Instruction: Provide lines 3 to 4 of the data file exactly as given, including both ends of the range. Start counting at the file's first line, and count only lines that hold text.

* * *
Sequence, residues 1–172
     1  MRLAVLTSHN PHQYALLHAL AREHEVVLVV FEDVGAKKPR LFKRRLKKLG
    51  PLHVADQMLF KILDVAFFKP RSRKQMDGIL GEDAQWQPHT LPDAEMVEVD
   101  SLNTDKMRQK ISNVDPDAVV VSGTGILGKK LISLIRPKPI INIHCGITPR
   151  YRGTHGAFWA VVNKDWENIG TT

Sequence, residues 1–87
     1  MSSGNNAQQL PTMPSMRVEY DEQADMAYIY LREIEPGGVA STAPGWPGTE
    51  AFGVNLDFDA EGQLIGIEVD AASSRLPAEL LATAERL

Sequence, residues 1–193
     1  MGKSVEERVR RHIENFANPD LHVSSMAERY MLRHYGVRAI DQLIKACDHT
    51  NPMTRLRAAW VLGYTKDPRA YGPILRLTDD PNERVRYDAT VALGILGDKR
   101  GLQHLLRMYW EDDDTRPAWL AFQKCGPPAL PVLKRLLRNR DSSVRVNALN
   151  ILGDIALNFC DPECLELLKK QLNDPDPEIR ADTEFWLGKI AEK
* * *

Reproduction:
    51  PLHVADQMLF KILDVAFFKP RSRKQMDGIL GEDAQWQPHT LPDAEMVEVD
   101  SLNTDKMRQK ISNVDPDAVV VSGTGILGKK LISLIRPKPI INIHCGITPR